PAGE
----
Friday, June 19, 2009

Past Thyme To Weed The Patio



When Ed heads out to the garden in the morning, I'm never exactly sure what I will find him doing when I get out there. With all the rain we have been getting, the ground is very wet, too wet to work in the beds. He decided today was the day to "weed" this stone patio. I checked and this stone patio was laid just about fifteen years ago. Once the red creeping thyme was established, it looked fantastic for at least ten. Small weeds were pulled as soon as they appeared.

Eventually the thyme completely covered the stones. Somewhere along the line the sheep sorrel and meadow grasses crept in from the edges both between and under the stones. This kind of weeding is really hard work. The stones are being lifted and the weeds removed. When all that is finished, the stones will be reset and red creeping thyme will be planted again.




This is the stone patio on the west end of the house. It has the stones - with - thyme - planted - between - them look that we are trying to recapture. The hard work that Ed is doing is a not so subtle reminder for me keep this patio weeded while the weeds are still small.





Red creeping thyme flowing like water from between the stones is a sight to behold. It's certainly worth doing a little weeding!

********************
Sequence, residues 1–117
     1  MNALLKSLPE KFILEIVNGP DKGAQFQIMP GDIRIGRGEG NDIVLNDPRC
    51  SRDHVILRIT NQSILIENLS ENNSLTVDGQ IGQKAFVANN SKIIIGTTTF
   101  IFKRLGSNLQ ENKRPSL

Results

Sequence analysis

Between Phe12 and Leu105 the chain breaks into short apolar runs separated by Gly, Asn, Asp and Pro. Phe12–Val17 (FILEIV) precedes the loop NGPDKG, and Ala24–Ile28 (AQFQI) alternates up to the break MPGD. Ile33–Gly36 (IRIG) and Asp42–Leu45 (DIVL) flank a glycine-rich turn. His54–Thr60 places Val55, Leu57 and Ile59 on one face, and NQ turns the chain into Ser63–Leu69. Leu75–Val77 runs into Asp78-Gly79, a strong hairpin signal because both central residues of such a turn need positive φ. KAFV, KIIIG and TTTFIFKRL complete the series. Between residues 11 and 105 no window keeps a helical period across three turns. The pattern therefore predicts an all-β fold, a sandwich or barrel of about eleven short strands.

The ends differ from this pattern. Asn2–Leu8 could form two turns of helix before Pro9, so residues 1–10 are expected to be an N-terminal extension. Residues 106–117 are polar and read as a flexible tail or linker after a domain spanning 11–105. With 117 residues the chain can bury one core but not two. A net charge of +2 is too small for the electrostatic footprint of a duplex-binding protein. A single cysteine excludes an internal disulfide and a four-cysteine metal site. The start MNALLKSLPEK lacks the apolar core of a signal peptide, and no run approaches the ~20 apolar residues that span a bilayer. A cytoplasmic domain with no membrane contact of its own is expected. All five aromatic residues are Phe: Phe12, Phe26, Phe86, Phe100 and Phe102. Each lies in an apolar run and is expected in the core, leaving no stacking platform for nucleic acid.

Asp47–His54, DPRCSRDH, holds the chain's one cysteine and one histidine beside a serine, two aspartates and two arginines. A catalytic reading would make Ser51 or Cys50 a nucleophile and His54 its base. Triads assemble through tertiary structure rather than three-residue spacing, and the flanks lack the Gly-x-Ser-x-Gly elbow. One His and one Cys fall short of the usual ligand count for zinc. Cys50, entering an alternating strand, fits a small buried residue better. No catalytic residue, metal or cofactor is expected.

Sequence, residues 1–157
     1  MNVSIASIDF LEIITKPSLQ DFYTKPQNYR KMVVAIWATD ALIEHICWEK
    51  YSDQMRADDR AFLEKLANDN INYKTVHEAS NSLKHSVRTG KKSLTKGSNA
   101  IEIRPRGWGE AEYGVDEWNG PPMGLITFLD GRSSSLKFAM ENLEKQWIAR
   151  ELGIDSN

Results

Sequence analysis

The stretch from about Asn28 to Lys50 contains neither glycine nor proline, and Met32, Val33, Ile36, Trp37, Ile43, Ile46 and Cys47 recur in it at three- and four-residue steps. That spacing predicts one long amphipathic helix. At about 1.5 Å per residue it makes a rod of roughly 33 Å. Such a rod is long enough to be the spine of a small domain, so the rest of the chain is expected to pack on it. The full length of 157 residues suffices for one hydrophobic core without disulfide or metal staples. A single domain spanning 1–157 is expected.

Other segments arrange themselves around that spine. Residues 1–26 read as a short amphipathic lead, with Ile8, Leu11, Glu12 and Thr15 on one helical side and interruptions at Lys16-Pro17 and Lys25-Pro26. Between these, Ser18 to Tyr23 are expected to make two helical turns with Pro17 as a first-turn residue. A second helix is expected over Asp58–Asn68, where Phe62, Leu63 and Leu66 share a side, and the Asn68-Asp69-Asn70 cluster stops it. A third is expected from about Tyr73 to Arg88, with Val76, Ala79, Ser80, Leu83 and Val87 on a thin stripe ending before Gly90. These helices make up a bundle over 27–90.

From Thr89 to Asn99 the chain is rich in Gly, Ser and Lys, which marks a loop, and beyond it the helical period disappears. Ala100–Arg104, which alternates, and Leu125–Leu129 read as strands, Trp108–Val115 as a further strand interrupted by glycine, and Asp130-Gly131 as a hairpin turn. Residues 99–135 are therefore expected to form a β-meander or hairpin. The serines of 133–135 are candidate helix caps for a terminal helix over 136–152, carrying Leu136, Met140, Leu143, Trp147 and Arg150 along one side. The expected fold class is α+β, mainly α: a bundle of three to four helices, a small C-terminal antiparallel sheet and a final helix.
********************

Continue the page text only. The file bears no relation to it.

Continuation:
6 comments:

Laura said...

I love the look of flagstone and thyme!

Janet said...

Gorgeous!! I bet is smells heavenly when you walk on it as well!! Very cool.

Bangchik and Kakdah said...

Lovely sight and I am sure it feels good walking through the flagstones...

~ bangchik

emarketer said...

Hi! I've been looking to do something like this and am wondering if you could answer a few questions?
- did you use a sand base under the entire patio or just under the stones (or not at all?)
- I notice the snow in the pictures, so I assume you are in a cold climate (I'm in ohio). Any problems with the stones heaving?

Thanks!

Ed said...

The core of the patio is filled with rubble stone since that is what we have the most of. As the final level approaches, I use a large glob of wet sand under each top stone. Wet sand will squish around as the top stone is rocked and twisted into its final position filling many voids. Dry sand will not behave this way. The final step is to gently flood the area. Water will help fill any voids. More sand can be added from the surface if necessary.

Ed said...

We are located on a deep gravel deposit. Water does not stay at the surface so nothing frost heaves here. I do dig down several inches and line the hole with small stone before building. If you provide a route for standing water to flow away from your patio, you may avoid any problems with frost. We are in zone 4 so cold is here much of the time.